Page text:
Howto: ArchLinux install from iso with rescue fs

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Ever wanted to get a brand new ArchLinux install in coLinux without using large boot images? This article addresses the problems faced when trying to complete such an endeavor.


This article discusses a method for getting your own 'fresh' ArchLinux install (in colinux) using the core iso and the debian initrd as described on the LinuxRescueDisks page.

Overview of steps involved:

  • Configure a new co-host
    • Download the required images
    • Create the config file
    • Create the filesystem images
  • Start and prepare
    • Format the target filesystem (ext2)
    • Copy the root image and packages cache to the intermediate filesystem
  • Boot the intermediate filesystem and install archlinux
    • Format the final filesystem (ext2, reiserfs, ext3, etc.) and mount it
    • Edit Arch setup for the special conditions we are using it for
    • Use Arch setup to select and install the packages
    • Configure the system
  • Boot final filesystem and enjoy

Warning: SquashFS modules are not recent enough to loop-mount ArchLinux squashfs images.

During development of this method a lot of difficulty was caused by the squashfs images on the ArchLinux CDROM not being able to be loop-mounted using the modules provided with colinux ArchLinux's squashfs images are made using version 4.0 of the squashfs-tools. CoLinux packs squashfs modules which can handle up to the version 3.7 archive format.

Luckily, debian's initrd can be modified to provide the unsquashfs utility from the version 4.0 squashfs-tools package. This means we can make it work, but ideally we would like to mount the images directly somewhere in the filesystem. This issue is addressed in the section #Installing squashfs-tools.

Warning: Udev doesn't like legacy kernels anymore.

While trying to install ArchLinux 2010.05 into a colinux co-host using this method it became apparent that ArchLinux's udev is missing some kernel functionality in the colinux kernel causing it to exit prematurely. The colinux kernel is probably to old.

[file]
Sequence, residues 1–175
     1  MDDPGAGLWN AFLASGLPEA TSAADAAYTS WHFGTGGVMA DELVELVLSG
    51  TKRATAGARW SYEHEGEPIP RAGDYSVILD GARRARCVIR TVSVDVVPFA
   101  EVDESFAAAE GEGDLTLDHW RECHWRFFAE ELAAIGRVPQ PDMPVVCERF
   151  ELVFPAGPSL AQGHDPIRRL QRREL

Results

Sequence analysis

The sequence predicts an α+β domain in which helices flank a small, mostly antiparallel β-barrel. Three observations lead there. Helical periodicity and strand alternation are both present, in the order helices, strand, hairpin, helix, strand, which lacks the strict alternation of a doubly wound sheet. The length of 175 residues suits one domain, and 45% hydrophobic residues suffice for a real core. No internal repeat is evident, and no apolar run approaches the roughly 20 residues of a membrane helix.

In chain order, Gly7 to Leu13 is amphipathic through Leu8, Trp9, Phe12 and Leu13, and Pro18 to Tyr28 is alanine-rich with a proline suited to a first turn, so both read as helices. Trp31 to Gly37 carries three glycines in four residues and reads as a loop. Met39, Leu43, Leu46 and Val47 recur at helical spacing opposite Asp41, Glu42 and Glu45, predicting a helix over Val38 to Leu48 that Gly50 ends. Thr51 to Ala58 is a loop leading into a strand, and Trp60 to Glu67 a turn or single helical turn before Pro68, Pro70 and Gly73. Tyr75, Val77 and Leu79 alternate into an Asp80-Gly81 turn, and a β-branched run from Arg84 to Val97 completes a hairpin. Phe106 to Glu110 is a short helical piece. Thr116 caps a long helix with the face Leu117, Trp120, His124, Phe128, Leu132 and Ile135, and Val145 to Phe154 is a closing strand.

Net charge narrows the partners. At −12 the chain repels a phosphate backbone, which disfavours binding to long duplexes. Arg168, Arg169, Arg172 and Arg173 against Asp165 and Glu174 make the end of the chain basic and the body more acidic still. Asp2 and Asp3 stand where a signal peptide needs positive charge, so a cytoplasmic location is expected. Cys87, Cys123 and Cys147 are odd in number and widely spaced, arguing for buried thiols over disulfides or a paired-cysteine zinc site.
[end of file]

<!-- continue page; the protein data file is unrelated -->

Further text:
This can be circumvented by creating static device nodes as linux admins have done before we had udev (using MAKEDEVS or mknod). We can also copy the Debian installer udev admin and daemon, this requires a little additional editing, but restores udev functionality. This issue is addressed in the section #Fixing udev for legacy kernels.

In practiceEdit

This method is tested, in the test scenario these artifacts were used:

  • Tested on September 4th 2010
  • Host hardware
    • Generic AMD Athlon 64 686+ system
    • CPU: 3800+
    • Mem: 2 gb of pc2700 DDR ram
    • Hard drives: 1 IDE/ATA and 1 SATA hard drive with enough disk space
  • Host software
    • Windows XP Pro SP3 32bit (not nlite or xplite modified).
    • coLinux v0.7.7.1
      • Installed in C:\coLinux
  • Filesystem images
    • debian's netboot initrd.gz, see LinuxRescueDisks
    • ArchLinux core install iso
      • Version 2010.05

Note: When trying to mimic these settings you might change the install directory of coLinux. With this maneuver it's likely the path to the coLinux driver is changed as well. In this case you need to reinstall the driver using the deamon program (see below).

Linux driver (linux.sys) path brokenEdit

This problem description and solution need their own page.

When the above not is the case one can get an error similar to this one.

colinux: manager open: last error: The system cannot find the file specified.
Cooperative Linux Daemon, 0.6.4
Compiled on Mon May 29 22:19:09 2006

colinux: manager open: last error: The system cannot find the file specified.
error initializing
driver not installed
daemon: exit code 87c0a001
daemon: error - CO_RC_ERROR_ERROR, line 40, file colinux/user/monitor.o (62)

Note: this error message is created by uninstalling the driver, not relocating the install directory as mentioned in the note above.

This error message is more to the point than the one printed when the drivers path is broken.

Personal note:

The original message which I can't recall happened to me when I completed this chain of events.

Start host computer
Install coLinux
(driver is installed, loaded in ram and kept there)